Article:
Advertisement
Share

Prostate cancer: A PSA researcher questions PSA tests

When news came Thursday evening that the U.S. Preventive Services Task Force would recommend that middle-age men forego routine PSA tests to screen for prostate cancer, at least one longtime researcher rejoiced.

“I couldn’t agree more with the decision,” said Richard J. Ablin, a research professor of immunobiology and pathology at the University of Arizona College of Medicine who worked on the discovery of PSA, a protein made by the prostate. “It’s a test that really can’t do what it’s purported to do.”

For around 40 years, Ablin has argued that most men shouldn’t go through with PSA screening because it doesn’t actually detect prostate cancer -- rather, it measures levels of PSA in the blood that may or may not indicate the presence of cancer (which must be confirmed through further tests.) Men with high PSA levels can be cancer-free; men with low PSA levels can have aggressive cases of the disease.

Looking at more men’s PSA levels can lead to more biopsies and more detected cancers. But, Ablin said, even if prostate cancer is ultimately found -- and it often will be -- that doesn’t mean treatment, which can lead to impotence and incontinence, makes sense. Most cases of prostate cancer are not aggressive, he said. “The majority of men die with it, and from something else,” he said.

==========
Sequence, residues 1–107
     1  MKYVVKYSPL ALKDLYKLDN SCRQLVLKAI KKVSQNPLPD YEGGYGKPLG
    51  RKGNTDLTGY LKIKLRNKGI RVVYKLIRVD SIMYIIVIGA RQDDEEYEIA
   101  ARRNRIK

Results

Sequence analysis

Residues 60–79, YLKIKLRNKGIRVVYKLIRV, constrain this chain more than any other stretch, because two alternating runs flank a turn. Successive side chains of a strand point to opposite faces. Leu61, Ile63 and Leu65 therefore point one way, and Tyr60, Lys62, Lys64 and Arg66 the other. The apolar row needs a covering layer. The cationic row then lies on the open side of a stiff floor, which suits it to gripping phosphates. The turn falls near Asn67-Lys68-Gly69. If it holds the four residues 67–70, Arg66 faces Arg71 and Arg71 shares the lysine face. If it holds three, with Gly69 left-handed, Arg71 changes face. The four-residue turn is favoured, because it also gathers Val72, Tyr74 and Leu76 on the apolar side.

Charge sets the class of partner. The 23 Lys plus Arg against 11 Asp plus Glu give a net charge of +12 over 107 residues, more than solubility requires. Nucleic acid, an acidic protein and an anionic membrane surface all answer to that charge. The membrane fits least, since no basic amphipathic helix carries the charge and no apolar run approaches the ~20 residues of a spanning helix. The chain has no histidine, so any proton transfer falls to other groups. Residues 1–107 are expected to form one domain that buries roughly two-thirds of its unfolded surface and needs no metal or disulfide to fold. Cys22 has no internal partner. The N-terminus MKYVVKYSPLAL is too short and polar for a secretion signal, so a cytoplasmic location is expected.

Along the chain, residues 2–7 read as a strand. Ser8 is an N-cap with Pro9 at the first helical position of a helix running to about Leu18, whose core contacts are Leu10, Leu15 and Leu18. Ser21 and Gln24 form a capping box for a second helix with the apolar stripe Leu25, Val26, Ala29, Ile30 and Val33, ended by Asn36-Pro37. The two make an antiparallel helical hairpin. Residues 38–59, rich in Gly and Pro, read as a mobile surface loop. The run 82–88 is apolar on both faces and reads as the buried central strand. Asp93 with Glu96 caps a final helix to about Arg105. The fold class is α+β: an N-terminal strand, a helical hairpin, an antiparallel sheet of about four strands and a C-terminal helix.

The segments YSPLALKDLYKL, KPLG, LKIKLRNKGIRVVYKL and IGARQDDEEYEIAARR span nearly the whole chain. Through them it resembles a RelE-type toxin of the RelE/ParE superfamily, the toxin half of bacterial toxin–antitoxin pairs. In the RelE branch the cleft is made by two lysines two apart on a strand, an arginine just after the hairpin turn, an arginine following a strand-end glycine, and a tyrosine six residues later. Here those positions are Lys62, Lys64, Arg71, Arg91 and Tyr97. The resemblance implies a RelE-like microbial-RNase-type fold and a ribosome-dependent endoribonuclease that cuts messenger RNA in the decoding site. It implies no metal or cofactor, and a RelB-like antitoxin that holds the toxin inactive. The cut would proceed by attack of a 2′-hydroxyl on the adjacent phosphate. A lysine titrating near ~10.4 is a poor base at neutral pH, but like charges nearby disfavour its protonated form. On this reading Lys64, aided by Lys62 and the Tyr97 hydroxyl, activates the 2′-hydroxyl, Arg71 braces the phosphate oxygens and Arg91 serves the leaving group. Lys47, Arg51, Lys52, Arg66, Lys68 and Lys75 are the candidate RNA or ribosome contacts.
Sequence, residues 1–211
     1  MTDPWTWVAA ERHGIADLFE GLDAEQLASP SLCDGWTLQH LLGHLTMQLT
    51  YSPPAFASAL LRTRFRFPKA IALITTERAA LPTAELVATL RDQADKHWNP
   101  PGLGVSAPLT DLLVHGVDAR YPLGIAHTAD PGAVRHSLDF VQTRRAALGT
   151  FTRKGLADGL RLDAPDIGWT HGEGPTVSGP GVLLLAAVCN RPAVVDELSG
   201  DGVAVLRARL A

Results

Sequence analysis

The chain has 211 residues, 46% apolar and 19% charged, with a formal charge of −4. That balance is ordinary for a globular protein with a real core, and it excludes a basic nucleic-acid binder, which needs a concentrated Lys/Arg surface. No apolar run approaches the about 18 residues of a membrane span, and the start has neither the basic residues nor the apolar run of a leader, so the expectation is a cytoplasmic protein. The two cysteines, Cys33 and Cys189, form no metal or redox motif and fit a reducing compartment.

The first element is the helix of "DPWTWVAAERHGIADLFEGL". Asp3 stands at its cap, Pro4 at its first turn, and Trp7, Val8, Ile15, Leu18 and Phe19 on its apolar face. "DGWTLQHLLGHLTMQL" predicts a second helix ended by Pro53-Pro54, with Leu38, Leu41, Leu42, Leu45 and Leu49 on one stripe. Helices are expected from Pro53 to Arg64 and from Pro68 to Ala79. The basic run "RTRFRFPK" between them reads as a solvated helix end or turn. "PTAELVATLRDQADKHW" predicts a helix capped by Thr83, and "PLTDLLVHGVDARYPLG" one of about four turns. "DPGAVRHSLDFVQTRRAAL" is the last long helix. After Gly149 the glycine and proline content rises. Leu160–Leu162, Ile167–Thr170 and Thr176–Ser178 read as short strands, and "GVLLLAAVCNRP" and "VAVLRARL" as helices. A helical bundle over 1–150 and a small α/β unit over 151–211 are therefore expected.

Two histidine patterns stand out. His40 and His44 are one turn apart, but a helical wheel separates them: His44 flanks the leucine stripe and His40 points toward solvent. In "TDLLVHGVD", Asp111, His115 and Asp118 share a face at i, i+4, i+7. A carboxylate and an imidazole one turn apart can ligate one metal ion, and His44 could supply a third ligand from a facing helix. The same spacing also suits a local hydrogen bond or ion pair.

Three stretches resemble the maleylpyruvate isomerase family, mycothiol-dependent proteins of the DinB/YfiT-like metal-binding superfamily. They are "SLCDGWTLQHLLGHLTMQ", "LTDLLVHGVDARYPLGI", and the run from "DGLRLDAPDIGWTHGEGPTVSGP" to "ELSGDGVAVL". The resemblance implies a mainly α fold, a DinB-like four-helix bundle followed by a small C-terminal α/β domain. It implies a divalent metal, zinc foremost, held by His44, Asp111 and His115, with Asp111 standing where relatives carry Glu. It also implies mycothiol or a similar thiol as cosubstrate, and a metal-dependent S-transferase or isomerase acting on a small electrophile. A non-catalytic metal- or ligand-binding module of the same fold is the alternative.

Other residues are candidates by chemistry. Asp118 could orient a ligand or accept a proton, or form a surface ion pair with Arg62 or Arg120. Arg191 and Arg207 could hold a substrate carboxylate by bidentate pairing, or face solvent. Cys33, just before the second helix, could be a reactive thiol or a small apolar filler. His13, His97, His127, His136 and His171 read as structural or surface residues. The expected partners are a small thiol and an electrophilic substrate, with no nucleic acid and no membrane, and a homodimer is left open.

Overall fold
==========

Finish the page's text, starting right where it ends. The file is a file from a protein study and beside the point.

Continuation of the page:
Advertisement

“We’ve overdiagnosed and overtreated over a million men,” he added.

Ablin doesn’t think PSA tests are completely useless. For men who have had the disease and had their prostate removed, it can detect a recurrence, he said. And high-risk patients who find they have slightly elevated levels can benefit from stepping up their vigilance.

“What I’m telling people to do, if someone in your family had it, get a PSA test and write the number down,” Ablin said. “Six months or a year later, get another test. If it goes up gradually, take another look...it’s not necessarily cancer. Look at it as a smoke alarm.”

“I’m happy,” he said of the new recommendations. “We’re brainwashed that doing more is doing better.”


Advertisement